Origins of Britain’s first lifeboat station
Reg Yorke -
A footnote to ‘A Chart of the Harbour of Liverpool’ by P. P. Burdett, 1771, corrected
1776, provides the first documentary evidence of a ‘boat and station for saving lives’
in existence at Formby Point by 1776:
‘NB: On the strand about a mile below Formby Lower Land Mark there is a boathouse, and a boat kept ready to save lives from vessels forced on shore on that coast, and a guinea, or more, reward is paid by the Corporation for every human life that is saved by means of this boat, etc.’
It was William Hutchinson, the Liverpool Dock Master, a colourful and exceptional man whose classic ‘Treatise on Practical Seamanship’ published in 1776, included this chart who, supported by the Dock Trustees, arranged for Britain's first such ‘life-
The exact date of the establishment of Formby station remains uncertain as the minute book of the Dock Trustees prior to 1793 has long since been destroyed but was apparently between 1771 and 1776. A minute of the Liverpool Common Council dated March 5, 1777 indicates that the boat and boathouse had already been there long enough to need repair!
At the next meeting of Council on April 2 it was ordered that:
‘Richard Scarisbrick of Formby, sailor, be appointed to take care of the boat and boathouse erected and provided to be built and stationed at Formby to assist and save shipwrecked persons and goods on this coast. And that Mr Gerrard do pay him the sum of five guineas for the good services by him already done herein and that he have a salary of two guineas a year from henceforth for such service. And that he and the boat’s crew shall be handsomely rewarded hereafter for such good service done herein and not less than one guinea per head for every life or person they shall save and to be further rewarded as the Council shall on enquiring find he or they merit to be paid out of the dock duties.’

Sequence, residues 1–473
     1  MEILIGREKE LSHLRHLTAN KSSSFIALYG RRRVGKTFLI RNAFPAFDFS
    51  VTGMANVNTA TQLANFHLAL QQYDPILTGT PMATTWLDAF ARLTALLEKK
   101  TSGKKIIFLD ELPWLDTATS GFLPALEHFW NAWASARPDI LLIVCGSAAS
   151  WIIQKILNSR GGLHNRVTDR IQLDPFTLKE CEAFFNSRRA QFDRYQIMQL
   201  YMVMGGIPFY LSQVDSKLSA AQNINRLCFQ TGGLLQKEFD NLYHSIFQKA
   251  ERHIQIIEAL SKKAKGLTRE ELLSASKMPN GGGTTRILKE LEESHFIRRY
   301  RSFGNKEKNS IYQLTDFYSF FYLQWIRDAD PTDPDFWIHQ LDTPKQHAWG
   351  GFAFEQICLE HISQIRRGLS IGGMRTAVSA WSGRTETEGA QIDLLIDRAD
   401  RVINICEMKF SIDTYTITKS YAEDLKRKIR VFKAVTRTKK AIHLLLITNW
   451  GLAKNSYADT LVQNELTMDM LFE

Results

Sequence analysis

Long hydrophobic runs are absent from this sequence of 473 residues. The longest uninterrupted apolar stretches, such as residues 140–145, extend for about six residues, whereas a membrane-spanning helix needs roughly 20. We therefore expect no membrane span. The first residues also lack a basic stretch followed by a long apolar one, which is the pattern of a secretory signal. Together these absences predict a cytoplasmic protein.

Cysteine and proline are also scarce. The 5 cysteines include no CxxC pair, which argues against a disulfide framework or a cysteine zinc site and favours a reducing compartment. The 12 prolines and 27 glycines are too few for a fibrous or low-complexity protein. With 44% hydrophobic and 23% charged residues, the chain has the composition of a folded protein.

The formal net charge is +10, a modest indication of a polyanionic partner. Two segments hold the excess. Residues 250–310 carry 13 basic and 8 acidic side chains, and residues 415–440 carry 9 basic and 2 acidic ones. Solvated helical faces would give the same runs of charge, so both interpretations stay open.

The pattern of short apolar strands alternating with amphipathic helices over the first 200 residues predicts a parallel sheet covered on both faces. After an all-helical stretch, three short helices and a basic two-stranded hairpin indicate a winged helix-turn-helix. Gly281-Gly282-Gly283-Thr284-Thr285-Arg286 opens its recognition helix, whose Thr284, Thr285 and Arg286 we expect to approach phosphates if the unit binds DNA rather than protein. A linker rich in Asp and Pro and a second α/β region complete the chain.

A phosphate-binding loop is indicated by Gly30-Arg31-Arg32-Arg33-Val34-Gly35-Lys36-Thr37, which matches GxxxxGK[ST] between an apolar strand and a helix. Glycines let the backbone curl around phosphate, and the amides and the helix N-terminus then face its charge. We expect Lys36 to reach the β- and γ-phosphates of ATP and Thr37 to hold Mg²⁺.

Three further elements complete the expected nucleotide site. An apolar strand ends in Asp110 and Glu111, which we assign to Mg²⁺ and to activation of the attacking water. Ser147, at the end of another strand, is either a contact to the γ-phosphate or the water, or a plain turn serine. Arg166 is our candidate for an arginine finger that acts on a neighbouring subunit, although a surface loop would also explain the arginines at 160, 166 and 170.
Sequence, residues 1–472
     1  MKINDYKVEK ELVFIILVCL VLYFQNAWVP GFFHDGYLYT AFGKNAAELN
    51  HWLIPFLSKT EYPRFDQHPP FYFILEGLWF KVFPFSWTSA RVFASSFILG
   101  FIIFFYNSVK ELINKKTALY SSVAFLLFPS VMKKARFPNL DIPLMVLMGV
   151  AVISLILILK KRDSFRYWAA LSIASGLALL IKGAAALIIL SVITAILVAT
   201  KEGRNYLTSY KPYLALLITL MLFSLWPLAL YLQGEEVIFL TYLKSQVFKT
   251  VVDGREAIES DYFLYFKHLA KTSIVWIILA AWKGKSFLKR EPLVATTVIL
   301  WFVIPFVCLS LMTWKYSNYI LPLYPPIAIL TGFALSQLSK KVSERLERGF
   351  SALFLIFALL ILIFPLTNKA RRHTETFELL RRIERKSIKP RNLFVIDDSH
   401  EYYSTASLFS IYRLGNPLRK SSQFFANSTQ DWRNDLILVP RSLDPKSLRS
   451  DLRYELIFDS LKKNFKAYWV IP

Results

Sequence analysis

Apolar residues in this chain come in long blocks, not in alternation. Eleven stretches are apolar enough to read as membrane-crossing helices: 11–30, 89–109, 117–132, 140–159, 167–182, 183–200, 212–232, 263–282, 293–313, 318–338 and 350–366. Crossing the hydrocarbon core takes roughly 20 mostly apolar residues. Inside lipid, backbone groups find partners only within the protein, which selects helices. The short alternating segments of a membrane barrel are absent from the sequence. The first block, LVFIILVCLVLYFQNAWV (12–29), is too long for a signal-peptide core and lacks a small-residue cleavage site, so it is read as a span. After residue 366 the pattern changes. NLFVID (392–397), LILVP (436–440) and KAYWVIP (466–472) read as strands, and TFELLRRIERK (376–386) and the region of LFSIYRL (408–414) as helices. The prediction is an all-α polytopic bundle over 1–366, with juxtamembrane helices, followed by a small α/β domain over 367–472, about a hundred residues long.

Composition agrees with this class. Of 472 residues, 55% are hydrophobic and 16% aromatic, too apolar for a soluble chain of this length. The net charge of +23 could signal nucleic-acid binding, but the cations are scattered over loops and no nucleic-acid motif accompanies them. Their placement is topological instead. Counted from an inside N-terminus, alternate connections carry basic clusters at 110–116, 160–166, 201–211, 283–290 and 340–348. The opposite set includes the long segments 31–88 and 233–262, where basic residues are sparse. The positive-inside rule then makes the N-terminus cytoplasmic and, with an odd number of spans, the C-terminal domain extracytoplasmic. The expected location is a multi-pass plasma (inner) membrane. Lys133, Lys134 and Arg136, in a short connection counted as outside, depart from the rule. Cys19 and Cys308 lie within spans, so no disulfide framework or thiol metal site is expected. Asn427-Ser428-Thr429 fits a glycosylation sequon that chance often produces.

Burdett’s chart was updated and reprinted in 1781 (see Fig. 1). In addition to a similar footnote (see Fig. 2) the position of the boathouse and boat is clearly indicated at Formby Point. Although not much is known about this boat or her service, we may guess that she was probably of the type known as a Mersey Gig, a generally two or three masted, versatile, sprit-
In 1799 the Dock Committee appointed William Brown to look after the boat ‘in room of Robert Whitfield, deceased, with the like allowances as enjoyed by his predecessor’, and then on April 9, 1800, Robert Neale, the riding officer at Formby, was appointed to the care of the boat and boathouse ‘in the room of William Brown’.
The original boathouse was rebuilt in 1793 on the same site at the end of what subsequently came to be known as Lifeboat Road. According to a survey of the bay, when built it was situated 100 yards inland well above the high tide line on land belonging to the Reverend Richard Formby, the lord of the manor. This reverend gentleman was incumbent of St John’s, Liverpool, from 1784 to 1792 and later of Trinity Church, Liverpool. He seems to have had a local beneficial influence and interest in lifesaving somewhat akin to Dr John Sharpe at Bamburgh, as in 1798 we find he was presented with the Freedom of the Borough of the Town of Liverpool ‘as a mark of respect for his unwearied and compassionate attention in a variety of instances to the unfortunate who have suffered shipwreck on the coast near Formby, both with regard to their person and property’.
It is important to realise that the Formby lifeboat was the only one serving the harbour until 1803. Other Liverpool Bay stations were at the same time established, completing the far-
For more information see ‘
B. and R. Yorke; Alt Press. ISBN 0 9508155 0 0
A collection of stills showing a practice launch of the lifeboat in 1916